4. Provide value: provoke with a contrarian perspective. Way too many executives I meet are surrounded by people who will tell them what they want to hear versus what they need to hear. Don’t be afraid to provoke them to think differently about their business. Ask “game changing” questions they haven’t considered before. Offer value in how to address those market opportunities, talent challenges, or strategic distribution challenges. Prove your credibility by the questions you ask versus the advice, products or services you provide.

5. Develop a trusting relationship. Only when you lower your self-interest and really focus on improving their outcome, will you earn their trust. Only when you earn their trust, they will choose to do business with you. Competing effectively is about a series of “yeses!” Focus on one “yes” at a time: in the first meeting, build rapport, establish credibility, and determine next step; that’s it!

6. Conceptual agreement on objectives, measures, value (OMV). Through an engaging and impactful dialogue, candid exchange of interesting ideas, and tough questions ascertain their real objectives (defined as business outcomes), measures of success, and the value to the organization for achieving the stated outcomes. Only when you have conceptual agreement on OMV, will you be able to discuss how you may be able to improve their outcome!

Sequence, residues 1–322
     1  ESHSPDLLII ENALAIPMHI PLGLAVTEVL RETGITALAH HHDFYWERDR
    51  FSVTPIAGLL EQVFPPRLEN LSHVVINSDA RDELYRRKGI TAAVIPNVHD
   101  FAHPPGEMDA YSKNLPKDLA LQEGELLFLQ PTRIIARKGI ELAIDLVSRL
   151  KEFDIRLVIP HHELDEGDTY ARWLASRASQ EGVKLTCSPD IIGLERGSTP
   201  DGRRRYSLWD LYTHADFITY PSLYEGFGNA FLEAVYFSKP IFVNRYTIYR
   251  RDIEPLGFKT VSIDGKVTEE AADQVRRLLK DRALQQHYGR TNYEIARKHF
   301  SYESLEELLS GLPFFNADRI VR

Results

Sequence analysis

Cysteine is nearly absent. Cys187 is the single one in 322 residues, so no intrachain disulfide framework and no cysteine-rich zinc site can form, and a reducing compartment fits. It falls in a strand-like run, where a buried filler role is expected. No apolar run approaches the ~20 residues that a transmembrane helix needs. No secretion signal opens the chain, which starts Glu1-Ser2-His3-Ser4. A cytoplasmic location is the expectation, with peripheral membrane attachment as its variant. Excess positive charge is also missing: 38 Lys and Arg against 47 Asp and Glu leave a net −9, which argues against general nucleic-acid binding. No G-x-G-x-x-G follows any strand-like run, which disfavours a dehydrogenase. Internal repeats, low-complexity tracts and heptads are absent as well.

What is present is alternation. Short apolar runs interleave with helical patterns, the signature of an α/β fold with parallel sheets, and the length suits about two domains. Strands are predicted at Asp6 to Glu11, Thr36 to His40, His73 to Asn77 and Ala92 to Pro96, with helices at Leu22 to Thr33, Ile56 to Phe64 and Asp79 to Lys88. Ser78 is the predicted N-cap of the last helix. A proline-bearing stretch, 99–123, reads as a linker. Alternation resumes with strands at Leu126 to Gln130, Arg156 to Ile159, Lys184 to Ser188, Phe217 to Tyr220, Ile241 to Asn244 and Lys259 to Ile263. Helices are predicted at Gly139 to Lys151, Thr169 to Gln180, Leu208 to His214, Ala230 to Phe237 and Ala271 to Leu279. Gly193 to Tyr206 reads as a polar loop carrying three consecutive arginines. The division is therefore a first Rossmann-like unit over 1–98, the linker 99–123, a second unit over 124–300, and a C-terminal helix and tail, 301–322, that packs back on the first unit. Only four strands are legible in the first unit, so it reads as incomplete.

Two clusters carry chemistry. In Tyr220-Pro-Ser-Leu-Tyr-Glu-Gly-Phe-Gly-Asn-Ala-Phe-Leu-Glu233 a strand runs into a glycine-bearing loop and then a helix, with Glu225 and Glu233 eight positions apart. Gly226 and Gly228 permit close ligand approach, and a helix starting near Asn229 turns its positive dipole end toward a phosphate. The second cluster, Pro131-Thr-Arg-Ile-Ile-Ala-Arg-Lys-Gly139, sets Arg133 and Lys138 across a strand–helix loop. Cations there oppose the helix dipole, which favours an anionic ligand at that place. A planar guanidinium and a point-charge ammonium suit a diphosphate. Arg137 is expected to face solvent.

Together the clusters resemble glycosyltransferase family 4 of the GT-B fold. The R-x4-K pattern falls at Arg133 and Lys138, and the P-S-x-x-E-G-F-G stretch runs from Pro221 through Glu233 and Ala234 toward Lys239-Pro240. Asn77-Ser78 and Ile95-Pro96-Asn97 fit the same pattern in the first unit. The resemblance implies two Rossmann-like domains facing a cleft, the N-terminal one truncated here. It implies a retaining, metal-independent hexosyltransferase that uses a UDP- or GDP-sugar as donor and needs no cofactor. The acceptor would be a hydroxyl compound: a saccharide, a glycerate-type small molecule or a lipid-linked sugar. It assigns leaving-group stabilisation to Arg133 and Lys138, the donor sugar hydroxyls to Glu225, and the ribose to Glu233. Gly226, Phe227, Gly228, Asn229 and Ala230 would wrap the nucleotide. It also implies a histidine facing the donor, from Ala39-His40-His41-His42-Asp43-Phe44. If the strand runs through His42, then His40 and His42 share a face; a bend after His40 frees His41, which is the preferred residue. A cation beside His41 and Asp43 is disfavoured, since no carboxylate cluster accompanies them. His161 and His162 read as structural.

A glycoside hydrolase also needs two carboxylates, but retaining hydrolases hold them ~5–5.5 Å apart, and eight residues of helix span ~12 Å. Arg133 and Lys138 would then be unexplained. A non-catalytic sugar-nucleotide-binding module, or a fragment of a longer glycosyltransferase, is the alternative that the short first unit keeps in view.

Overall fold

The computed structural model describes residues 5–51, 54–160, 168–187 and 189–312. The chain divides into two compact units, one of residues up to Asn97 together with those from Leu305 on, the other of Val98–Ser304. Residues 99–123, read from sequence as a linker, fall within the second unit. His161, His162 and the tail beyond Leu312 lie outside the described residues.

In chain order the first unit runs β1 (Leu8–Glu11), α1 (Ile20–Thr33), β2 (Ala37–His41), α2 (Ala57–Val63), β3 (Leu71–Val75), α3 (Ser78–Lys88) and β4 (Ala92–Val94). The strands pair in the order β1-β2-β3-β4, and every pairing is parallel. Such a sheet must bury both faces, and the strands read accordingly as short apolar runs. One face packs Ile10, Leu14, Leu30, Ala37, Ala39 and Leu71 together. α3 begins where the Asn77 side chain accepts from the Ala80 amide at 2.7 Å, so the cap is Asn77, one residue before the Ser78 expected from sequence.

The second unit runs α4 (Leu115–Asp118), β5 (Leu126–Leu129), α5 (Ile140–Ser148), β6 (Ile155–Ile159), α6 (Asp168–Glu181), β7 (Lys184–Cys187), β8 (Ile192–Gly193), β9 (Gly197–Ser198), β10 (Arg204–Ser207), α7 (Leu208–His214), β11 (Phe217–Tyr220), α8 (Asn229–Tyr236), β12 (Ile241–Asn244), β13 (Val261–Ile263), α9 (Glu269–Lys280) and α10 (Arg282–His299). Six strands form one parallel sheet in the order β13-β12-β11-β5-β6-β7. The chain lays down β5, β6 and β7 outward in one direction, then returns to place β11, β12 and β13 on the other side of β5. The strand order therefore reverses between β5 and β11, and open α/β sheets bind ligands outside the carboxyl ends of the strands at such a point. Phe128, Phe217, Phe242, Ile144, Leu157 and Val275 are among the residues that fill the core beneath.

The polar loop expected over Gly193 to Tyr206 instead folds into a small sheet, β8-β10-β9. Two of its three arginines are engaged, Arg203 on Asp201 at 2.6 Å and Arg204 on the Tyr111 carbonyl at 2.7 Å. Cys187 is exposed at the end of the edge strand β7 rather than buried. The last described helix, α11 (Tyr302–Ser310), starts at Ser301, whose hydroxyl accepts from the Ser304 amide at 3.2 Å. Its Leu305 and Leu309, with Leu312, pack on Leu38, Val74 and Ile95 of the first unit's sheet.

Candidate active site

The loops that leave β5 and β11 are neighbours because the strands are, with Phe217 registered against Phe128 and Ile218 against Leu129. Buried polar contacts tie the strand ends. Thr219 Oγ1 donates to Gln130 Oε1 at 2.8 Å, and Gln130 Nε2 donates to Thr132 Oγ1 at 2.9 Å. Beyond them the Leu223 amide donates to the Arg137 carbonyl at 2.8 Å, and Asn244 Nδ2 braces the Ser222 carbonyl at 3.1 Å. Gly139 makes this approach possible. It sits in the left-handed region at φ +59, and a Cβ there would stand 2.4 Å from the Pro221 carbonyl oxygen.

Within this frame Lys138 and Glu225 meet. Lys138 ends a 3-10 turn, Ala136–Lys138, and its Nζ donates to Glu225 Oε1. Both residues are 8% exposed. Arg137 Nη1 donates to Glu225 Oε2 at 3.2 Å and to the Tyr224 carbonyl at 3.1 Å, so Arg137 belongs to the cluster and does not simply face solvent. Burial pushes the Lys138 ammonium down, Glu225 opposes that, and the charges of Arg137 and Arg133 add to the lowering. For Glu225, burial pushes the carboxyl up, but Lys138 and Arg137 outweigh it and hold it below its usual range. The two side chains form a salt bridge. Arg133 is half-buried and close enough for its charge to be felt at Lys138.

7. Value-based proposal. It should simply be a written encapsulation of the previous discussions including value-based options and fee ranges for those options. Not more of the same, but a deeper value-add for the desired results. Your fees should equally represent a deeper value-received by the organization, often a fraction of the agreed upon value to the organization when the outcomes are achieved.

8.  Rinse and repeat: Make no mistake about it, performance trumps all. Relationships create that extra edge; that preference if not insistence for you, your organization, or your brand. Relationships go bad with misaligned expectations, so work diligently to align expectations early and often. Above all deliver as promised never losing sight that your products, services, methodology, how you do what you do, how many hours it takes you to do it, etc. means very little — that’s all input! The only thing that matters is their output! How are they better off because of you? The real works begins after they say, “Yes!”

After all, success against the competition is based on deception. When you’re able to develop strong, value-based relationships, you will be able to “attack, use your forces, be near, and make them believe to the contrary!” If it worked for Sun Tzu centuries ago, it just may work for you in 2012 and beyond!

David Nour is an enterprise social strategist and the thought leader on Relationship Economics® - the quantifiable value of business relationships. He is the author of " Return on Impact - Leadership Strategies for the age of Connected Relationships (ASAE, 2012).